Interestingly, in that same study, it was found that saturated fats from pastries and processed foods were associated with an even higher risk of CVD which demonstrates carbohydrates and sugars contributing to the damage.  Many anti-meat proponents would skim by these results.

While it was great that this study looked at sugar and processed carbs, it failed to look at how many total carbs the subjects with the highest saturated fat intake were also eating. Knowing the trends of human nutrition, I would venture to say this information would have produced significantly different findings.

Regardless, studies like this get misconstrued and turned into blog posts with titles like, “Saturated Fat Increases the Risk of Cardiovascular Disease” which wrongfully scares people away from fat and meat. 

The take home message here is that epidemiological nutrition studies are weak and do not shed enough light on the true cause of an outcome.  Even if they did, a review of all of these such studies actually tells us that saturated fat is not as scary as some of these single papers are making it.  Several reviews of the research have actually found no associated between saturated fat intake and all-cause mortality, coronary heart disease or mortality, ischemic stroke, or type 2 diabetes in healthy adults (5,6).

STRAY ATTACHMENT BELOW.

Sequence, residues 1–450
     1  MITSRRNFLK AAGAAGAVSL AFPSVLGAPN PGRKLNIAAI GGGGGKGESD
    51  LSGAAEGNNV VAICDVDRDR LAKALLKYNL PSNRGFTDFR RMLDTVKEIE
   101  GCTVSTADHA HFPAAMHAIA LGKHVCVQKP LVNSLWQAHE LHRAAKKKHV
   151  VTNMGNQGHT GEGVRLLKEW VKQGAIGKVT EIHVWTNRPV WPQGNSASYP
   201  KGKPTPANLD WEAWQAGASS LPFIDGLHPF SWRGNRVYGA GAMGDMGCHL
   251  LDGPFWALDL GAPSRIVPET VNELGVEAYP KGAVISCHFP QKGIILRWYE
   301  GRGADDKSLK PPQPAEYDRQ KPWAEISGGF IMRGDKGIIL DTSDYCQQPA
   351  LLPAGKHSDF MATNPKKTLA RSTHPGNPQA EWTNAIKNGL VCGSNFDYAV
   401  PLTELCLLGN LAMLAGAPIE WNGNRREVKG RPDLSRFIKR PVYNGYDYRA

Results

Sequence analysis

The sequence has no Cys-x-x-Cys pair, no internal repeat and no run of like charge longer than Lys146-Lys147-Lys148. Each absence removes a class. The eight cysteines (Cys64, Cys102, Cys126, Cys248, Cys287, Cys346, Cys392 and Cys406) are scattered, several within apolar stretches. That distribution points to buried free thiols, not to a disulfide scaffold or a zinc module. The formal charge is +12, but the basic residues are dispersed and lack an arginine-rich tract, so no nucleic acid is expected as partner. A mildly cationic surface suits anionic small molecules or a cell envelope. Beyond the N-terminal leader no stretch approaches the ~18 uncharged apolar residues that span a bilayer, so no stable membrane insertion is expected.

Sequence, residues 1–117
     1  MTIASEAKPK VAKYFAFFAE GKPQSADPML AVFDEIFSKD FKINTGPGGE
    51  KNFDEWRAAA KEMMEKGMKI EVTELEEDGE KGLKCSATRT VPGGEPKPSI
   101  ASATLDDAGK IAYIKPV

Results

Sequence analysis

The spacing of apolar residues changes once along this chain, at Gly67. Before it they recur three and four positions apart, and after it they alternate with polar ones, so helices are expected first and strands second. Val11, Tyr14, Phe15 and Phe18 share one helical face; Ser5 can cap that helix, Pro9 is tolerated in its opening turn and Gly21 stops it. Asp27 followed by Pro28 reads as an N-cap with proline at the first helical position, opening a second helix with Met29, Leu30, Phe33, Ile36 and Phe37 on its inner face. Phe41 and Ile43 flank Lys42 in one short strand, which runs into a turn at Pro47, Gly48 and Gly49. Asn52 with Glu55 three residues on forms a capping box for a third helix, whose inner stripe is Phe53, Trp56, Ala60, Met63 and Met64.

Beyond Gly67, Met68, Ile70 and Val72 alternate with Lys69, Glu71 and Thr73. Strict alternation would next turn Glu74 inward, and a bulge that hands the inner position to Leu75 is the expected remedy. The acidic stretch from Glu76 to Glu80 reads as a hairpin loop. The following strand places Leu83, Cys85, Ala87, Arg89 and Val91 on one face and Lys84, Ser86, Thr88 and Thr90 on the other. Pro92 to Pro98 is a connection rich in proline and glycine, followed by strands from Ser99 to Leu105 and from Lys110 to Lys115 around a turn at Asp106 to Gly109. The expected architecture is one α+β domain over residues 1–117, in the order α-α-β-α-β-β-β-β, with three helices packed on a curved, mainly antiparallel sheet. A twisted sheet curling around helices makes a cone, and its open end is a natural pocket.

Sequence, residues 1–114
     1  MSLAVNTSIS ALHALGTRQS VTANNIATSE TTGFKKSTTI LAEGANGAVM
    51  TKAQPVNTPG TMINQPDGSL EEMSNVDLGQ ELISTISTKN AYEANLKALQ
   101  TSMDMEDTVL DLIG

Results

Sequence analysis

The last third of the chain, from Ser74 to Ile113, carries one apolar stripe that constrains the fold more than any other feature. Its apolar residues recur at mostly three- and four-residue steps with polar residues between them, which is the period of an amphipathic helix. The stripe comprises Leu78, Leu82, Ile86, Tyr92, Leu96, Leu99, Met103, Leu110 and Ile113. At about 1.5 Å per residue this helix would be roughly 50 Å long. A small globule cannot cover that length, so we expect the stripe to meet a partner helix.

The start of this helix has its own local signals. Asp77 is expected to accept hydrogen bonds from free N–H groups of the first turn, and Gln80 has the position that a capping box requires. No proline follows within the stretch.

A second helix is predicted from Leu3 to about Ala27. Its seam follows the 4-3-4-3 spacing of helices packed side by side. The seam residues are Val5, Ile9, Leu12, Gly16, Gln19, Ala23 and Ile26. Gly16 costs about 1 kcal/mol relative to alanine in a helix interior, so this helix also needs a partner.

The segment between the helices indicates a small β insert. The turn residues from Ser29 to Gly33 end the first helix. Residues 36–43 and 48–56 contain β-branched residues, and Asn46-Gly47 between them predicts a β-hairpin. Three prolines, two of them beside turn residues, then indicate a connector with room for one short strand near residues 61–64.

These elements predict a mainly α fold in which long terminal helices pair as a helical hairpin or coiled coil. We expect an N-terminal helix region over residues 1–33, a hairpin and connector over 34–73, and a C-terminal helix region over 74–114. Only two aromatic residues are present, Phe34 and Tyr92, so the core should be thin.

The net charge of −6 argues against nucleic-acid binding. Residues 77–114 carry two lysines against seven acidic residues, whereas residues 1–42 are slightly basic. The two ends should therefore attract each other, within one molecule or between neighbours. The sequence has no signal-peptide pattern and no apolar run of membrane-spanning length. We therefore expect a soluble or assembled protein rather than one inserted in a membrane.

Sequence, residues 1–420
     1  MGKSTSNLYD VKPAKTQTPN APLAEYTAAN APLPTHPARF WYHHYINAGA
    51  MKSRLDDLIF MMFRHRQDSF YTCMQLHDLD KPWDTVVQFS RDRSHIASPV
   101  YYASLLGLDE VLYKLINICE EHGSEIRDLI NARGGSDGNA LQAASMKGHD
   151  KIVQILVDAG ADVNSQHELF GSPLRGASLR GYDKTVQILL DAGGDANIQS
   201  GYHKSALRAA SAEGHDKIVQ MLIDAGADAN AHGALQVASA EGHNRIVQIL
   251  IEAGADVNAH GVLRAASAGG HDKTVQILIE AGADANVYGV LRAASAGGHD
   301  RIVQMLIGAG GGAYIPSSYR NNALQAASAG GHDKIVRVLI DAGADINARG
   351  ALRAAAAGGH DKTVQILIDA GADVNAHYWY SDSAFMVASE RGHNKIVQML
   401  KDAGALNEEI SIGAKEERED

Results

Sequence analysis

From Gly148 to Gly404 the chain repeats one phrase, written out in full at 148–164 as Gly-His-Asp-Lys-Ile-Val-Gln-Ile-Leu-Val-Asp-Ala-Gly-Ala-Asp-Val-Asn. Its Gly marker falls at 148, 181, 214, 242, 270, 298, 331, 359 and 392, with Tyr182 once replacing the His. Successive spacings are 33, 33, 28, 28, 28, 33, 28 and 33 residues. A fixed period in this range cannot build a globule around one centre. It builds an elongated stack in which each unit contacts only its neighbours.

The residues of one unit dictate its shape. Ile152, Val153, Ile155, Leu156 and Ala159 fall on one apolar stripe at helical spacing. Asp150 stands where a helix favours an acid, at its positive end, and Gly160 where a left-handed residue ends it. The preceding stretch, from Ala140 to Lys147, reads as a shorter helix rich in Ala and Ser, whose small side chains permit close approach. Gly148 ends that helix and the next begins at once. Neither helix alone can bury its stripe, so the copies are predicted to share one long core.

You may be wondering, “what about cholesterol?”  Same thing. Research on cholesterol has also been misconstrued and falsely used to support the thought that cholesterol contributes to heart disease.  A basic understanding of physiology tells us that it is high cholesterol in conjunction with elevated inflammation and damaged arterial lining (the glycocalyx) that allows cholesterol to product damage.  Elevated inflammation and damaged arterial lining occurs when we eat a lot of carbohydrates, especially processed carbohydrates.

In summary, fat, cholesterol, and meat independent of carbohydrates is great for us and is not something we should fear.  In fact, there have been numerous studies that have demonstrated that a low carb, high fat diet can improve many cardiovascular risk factors (7, 8, 9, 10).

Cancer:

Then of course, cancer is a big combating argument against an all meat diet.  Similar to CVD, research showing that high fat and meat based diets causes cancer are also weak epidemiological studies that we cannot rely on for causation.

If you want to learn more about all of the bogus information out about meat and cancer, learn from the expert, Dr. Georgia Ede by checking out her article WHO says Meat Causes Cancer. 

Kidney Damage:

The high protein nature of the carnivore diet also leads to assume that it is dangerous to your kidneys.  This is also a myth.

The reason many people think that protein could cause kidney damage is from increasing glomerular pressure and hyperfiltration.  However, research has found no significant evidence for any harmful effect of high protein consumption on renal (kidney) function in individuals with healthy kidneys (11). 

Notice that said for healthy individuals.  For those suffering from kidney disease, there may be value to restricting protein but the evidence is unclear.  Regardless, it should be noted that research has already found that a ketogenic diet may be beneficial for managing diabetic nephropathy (12) 

Environmental Impact